Pregame Showcase Kicks Off Twenty-fourth Season with Wide-Ranging Topics
It’s football time in Tennessee—and that means it’s also time for the College of Arts and Sciences Pregame Showcase.
Now in its twenty-fourth season, the Pregame Showcase gives fans the chance to hear from esteemed faculty prior to each gridiron matchup. This year’s first showcase will be held at 4:00 p.m. on Saturday, August 31, before the home opener against Austin Peay State University.
Free and open to the public, each showcase features a thirty-minute presentation followed by a fifteen-minute question-and-answer session. Presentations begin two hours before kickoff in the Carolyn P. Brown University Center Ballroom (Room 213). A brief reception will be held immediately following each program. Door prizes will be awarded.
This season will feature a wide range of topics, including atomic physics, the human internal clock, Thai mysticism, austerity politics, and scientific computing.
The August 31 showcase, “What’s In a Name? The ‘Place Politics’ of Streets Named for Martin Luther King Jr.,” will feature Derek Alderman, professor and head of the geography department, talking about the public commemoration of King through the naming of streets in his honor.
Alderman says naming streets to honor King often forces communities to grapple with questions of race and racism. His research has shown that street-naming proponents sometimes face “place politics” in their struggle to honor King on major roads and, in many instances, public opposition has led King’s namesakes to be minor side roads or portions of streets confined to African-American neighborhoods.
Alderman is an expert in cultural and historical geography, specifically related to public memory, heritage tourism, the civil rights movement, and African-American history. His research about naming of streets in honor of King is chronicled on his website. He has co-authored the book Civil Rights Memorials and the Geography of Memory and has written numerous book chapters and scholarly articles. His research has been highlighted by such media outlets as BBC News Magazine, USA Today, CNN, and Reuters.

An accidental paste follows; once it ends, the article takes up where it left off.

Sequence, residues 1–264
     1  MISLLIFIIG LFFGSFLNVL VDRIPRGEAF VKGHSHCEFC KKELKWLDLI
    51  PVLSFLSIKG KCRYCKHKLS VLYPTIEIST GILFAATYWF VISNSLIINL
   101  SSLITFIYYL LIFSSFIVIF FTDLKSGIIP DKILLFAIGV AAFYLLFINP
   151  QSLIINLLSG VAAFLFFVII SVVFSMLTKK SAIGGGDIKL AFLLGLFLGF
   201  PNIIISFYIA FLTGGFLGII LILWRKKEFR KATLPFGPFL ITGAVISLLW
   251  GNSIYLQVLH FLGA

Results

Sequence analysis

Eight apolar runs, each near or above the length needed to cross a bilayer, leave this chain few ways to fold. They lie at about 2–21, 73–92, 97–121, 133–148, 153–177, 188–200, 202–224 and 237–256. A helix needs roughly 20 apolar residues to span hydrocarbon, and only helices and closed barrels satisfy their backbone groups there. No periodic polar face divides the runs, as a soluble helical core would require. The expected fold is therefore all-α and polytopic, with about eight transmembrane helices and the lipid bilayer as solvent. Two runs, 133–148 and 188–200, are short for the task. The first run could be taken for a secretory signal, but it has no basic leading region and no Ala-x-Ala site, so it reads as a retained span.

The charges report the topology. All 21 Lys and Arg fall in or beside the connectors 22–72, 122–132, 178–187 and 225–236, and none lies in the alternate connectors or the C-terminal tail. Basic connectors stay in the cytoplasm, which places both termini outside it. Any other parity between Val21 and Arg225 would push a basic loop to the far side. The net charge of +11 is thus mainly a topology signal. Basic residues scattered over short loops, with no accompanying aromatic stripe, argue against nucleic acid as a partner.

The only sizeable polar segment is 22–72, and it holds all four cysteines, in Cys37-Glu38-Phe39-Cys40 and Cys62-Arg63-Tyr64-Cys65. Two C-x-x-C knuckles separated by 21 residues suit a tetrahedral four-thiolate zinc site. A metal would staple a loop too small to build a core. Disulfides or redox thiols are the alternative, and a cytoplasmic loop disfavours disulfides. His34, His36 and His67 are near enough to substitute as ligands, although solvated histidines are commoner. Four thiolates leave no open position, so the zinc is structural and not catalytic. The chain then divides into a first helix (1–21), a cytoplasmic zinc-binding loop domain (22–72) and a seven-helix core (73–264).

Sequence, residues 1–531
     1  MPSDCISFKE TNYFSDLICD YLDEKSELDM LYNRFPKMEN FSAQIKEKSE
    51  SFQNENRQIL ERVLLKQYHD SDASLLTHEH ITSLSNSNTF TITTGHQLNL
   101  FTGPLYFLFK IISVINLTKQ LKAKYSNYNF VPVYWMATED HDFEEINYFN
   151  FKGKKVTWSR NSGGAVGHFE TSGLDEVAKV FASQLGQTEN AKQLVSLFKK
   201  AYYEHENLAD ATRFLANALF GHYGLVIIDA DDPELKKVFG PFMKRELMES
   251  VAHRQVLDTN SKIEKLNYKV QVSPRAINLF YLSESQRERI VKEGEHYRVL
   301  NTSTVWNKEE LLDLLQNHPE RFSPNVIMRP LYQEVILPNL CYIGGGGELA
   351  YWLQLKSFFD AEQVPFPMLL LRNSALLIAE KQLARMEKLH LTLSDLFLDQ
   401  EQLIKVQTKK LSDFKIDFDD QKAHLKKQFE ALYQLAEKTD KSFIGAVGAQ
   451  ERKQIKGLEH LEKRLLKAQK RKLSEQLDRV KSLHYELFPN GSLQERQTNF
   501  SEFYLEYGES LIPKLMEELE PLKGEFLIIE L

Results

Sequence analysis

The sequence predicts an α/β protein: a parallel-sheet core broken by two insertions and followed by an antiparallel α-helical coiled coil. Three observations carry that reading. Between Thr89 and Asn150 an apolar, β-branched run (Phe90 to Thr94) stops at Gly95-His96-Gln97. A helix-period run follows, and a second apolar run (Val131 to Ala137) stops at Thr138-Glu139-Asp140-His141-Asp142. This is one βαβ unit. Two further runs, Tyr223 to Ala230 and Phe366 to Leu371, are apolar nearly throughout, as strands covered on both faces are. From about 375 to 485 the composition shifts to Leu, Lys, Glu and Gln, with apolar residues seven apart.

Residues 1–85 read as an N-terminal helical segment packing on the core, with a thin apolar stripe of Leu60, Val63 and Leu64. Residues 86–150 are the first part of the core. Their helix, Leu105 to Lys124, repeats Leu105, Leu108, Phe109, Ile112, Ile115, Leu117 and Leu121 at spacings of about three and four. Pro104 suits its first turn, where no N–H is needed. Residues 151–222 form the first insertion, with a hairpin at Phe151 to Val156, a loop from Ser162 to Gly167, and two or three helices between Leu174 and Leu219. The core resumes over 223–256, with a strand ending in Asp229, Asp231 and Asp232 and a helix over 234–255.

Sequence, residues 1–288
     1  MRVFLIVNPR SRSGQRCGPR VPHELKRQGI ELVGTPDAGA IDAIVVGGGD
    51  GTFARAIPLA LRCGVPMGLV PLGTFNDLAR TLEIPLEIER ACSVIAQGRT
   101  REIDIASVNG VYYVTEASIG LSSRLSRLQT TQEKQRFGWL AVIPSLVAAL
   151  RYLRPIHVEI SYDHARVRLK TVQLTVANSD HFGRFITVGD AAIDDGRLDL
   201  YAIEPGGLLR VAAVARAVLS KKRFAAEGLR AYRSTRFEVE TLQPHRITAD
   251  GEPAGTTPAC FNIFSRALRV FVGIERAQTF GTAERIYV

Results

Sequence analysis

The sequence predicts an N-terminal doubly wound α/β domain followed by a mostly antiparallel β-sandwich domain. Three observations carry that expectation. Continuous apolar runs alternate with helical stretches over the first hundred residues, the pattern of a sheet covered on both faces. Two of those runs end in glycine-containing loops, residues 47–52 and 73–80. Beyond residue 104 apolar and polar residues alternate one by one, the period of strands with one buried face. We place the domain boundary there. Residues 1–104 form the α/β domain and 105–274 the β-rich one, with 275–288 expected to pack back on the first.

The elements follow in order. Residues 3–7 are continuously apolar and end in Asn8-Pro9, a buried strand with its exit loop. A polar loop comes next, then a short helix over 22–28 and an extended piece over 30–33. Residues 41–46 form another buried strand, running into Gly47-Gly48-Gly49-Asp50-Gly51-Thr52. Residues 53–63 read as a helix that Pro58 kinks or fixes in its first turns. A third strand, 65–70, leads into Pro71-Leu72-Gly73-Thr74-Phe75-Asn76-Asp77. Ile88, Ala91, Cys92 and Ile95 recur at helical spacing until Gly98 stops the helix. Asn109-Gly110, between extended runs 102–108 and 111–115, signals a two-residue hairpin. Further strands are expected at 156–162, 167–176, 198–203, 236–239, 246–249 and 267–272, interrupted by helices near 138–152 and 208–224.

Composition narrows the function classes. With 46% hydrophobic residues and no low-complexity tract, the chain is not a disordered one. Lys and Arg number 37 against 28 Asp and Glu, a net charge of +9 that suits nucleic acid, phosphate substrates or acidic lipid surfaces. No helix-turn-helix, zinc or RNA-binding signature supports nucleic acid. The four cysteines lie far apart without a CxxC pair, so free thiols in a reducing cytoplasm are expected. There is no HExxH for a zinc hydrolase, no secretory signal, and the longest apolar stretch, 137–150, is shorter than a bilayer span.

Here’s the lineup for the rest of the season:
September 7—”Star Dust and Atom Smashers.” Kate Jones, associate professor of physics and astronomy, will explain how the atomic nucleus—despite being less than a thousandth of the size of an atom—leaves its fingerprints on the chemical composition of the solar system.
September 28—”Anthropology as a Tool for Improving the Human Condition.” Tricia Redeker Hepner, associate professor of anthropology and co-director of the college’s new Disasters, Displacement, and Human Rights Program, will explain how faculty and students are exploring the causes, contexts, and consequences of contemporary crises, from oil spills and refugee flows to mass grave excavations and postwar reconstruction.
October 5—”Tick Tock: Sleep Across the Lifespan and the Role of the Internal Clock.” Theresa Lee, professor of psychology and dean of the College of Arts and Sciences, a biopsychologist who has researched the importance of sleep and the internal clock, will talk about research that explains how sleep patterns vary across a lifetime and what is “normal.”
October 19—”Haunted Bangkok: Angry Spirits, Buddhist Power, and Popular Media in Thailand.” Rachelle Scott, associate professor of religious studies, will talk about the role of ghosts and other supernatural beings in Theravada Buddhism and how these stories continue to impart ethical lessons to Buddhists across Asia and around the world.
November 9—”Making the Cuts: Austerity Policies and Their Social Implications.” Jon Shefner, head of the Department of Sociology, will look at the effects of spending cuts, tax hikes, and other measures governments use to reduce their budget deficits during adverse economic conditions.
November 23—”Simulations for Solutions: Solving Problems Through Scientific Computing.” Steven Wise, associate professor of mathematics, will discuss the evolution of scientific computing and look at the challenges that lie ahead, including how we might—and might not—be able to solve some of our biggest problems with the help of computers.
C O N T A C T :
Lynn Champion (865-974-2992, email@example.com)
Amy Blakely (865-974-5034, firstname.lastname@example.org)